Sex – under the surface
Our sex lives are a reflection of cultural and societal images, of the “chemistry” and feelings which bring (or don’t bring) a couple together, of our ways of communicating, and individual desires and prejudices. They confront outer patterns with our innermost ones, those governed by primitive and often entirely unconscious forces. These reasons are enough for people to be reluctant to reflect on the topic.
At the same time, sex is a very important area for many couples. Partners or husbands and wives often believe that their sex lives are a significant indicator of the health of their relationship. If sex is satisfying, it means that their relationship is working, but if it isn’t – it means that the relationship is in trouble.
At the same time, they deprive themselves of their power to change things, as they usually don’t acknowledge much of their own role in how this area of their lives is going.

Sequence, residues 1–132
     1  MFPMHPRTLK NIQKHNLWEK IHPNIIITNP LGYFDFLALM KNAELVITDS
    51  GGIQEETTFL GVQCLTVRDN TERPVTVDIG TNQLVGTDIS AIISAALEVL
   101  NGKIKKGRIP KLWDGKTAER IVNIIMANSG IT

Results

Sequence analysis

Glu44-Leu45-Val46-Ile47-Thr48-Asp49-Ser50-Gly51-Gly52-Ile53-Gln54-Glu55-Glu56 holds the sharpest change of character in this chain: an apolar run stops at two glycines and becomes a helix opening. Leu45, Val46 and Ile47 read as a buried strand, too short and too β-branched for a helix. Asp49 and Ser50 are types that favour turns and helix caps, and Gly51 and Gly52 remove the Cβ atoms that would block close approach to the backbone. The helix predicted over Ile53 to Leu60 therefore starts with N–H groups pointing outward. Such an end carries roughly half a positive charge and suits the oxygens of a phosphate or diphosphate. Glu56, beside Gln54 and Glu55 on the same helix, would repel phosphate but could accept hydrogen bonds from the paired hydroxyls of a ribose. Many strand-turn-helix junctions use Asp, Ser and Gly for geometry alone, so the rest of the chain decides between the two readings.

A frequent belief is that sex is not something to be worked on, meaning that you don’t notice what is happening, you don’t look for the significance of what is happening, you don’t pay attention to feelings and emotions in this area, you don’t talk about it, and finally, you don’t understand or respect your limits and you’re not curious about yourself or your partner.
- it’s a very intimate area, so it means greater vulnerability,
- sexuality and sexual identity have a huge impact on self-worth,
- social taboos – it’s not okay to talk about personal difficulties or doubts in this area,
- pressure – pressure to perform, lack of satisfaction in a partner may lead to low self-worth, etc.
- fear of rejection – if I tell him/her honestly that I’m struggling (for example) then maybe he’ll find somebody “better”?
If people want to engage with this topic despite these reasons, and communicate honestly about it, this brings them much closer to each other.